[1] Appellants first attack the pleadings, arguing that the cause of action is one for specific performance of an oral contract to convey land and that it is insufficient for that purpose because there are no allegations as to mutuality or value of the property. A complete answer to this contention is that the first cause of action was one to impress a resulting trust on the parcel of land described therein and that the second cause of action was one for a constructive trust. This was the theory of the complaint and the theory upon which the action was tried. The two causes of action are fully stated under this theory and meet the requirements of section 853 of the Civil Code, which reads: "When a transfer of real property is made to one person, and the consideration therefor is paid [29 Cal. App. 2d 280] by or for another, a trust is presumed to result in favor of the person by or for whom such payment is made," and of sections 2223 and 2224 of the same code declaring under what circumstances an involuntary or constructive trust arises. See Hidden v. Jordan, 21 Cal. 92; Pavlovich v. Pavlovich, 22 Cal. App. 500, 506 [135 P. 303]; and 25 Cal.Jur., p. 229. [2] Controlling the first cause of action, and referable to some extent to the second, is the settled principle that where there is no written contract, and a party sues to impress a purchase price resulting trust upon real property, the suit is on the presumption found in section 853 of the Civil Code, and not upon the oral contract or antecedent oral negotiations. (Gerety v. O'Sheehan, 9 Cal. App. 447, 449 [99 P. 545].)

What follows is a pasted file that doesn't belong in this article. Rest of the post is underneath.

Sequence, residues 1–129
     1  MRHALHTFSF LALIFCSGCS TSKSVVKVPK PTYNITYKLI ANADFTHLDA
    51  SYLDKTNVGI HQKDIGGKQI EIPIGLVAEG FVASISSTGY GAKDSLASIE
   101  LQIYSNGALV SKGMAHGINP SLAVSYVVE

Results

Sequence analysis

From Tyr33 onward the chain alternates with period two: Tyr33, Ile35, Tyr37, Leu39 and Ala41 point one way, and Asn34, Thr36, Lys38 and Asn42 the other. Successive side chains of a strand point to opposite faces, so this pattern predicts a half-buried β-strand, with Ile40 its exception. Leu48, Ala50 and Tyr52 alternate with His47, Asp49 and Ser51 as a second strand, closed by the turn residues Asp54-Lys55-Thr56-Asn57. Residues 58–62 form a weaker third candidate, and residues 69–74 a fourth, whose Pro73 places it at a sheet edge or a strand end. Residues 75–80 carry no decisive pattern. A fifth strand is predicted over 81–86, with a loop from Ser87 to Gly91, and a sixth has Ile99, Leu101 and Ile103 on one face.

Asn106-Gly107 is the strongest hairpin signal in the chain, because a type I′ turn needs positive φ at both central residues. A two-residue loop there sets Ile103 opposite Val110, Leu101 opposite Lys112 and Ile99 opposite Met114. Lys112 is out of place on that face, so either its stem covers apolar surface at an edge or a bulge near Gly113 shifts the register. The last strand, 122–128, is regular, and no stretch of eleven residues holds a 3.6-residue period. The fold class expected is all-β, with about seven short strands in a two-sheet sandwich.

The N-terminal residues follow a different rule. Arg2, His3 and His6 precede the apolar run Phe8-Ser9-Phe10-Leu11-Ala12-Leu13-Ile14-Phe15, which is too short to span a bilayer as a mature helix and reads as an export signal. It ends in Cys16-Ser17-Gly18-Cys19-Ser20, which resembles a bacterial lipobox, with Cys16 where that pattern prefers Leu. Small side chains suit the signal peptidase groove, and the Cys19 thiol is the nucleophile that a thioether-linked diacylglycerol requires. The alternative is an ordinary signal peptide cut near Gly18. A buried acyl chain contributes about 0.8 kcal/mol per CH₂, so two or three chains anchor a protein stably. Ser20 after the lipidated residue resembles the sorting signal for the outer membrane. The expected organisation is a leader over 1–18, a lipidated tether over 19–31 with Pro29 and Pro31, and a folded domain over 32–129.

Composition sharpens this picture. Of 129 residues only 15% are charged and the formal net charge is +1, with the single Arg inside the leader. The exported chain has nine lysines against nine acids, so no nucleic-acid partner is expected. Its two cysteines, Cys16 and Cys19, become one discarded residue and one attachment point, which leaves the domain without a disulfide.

[3] Appellants contend that there is a failure of proof as to the existence and terms of the agreement, as to the existence of a conspiracy between the defendants and as to plaintiffs' ownership of the money involved. Also that plaintiffs failed to plead or prove that they had no adequate remedy at law. In answer respondents point out that though adequate proof of the agreement was made, it was not necessary since they are not suing to enforce the agreement, but to impose a trust. Furthermore, that since the trial court gave judgment in accordance with the agreement instead of a fee absolute to the respondents, it is apparent that appellants have not suffered prejudice from this portion of the judgment. The same answer covers the attack upon the evidence relating to the terms of the proposed conveyance and the existence of a conspiracy. [4] As to the ownership of the money, the evidence presents some slight conflict which the trial court resolved in favor of the respondents. Appellants cannot contend that substantial evidence was not offered which was sufficient to support this finding. [5] As to the failure to plead the existence of a legal remedy, this, of course, was not necessary since the action is plainly one in equity to establish these trusts.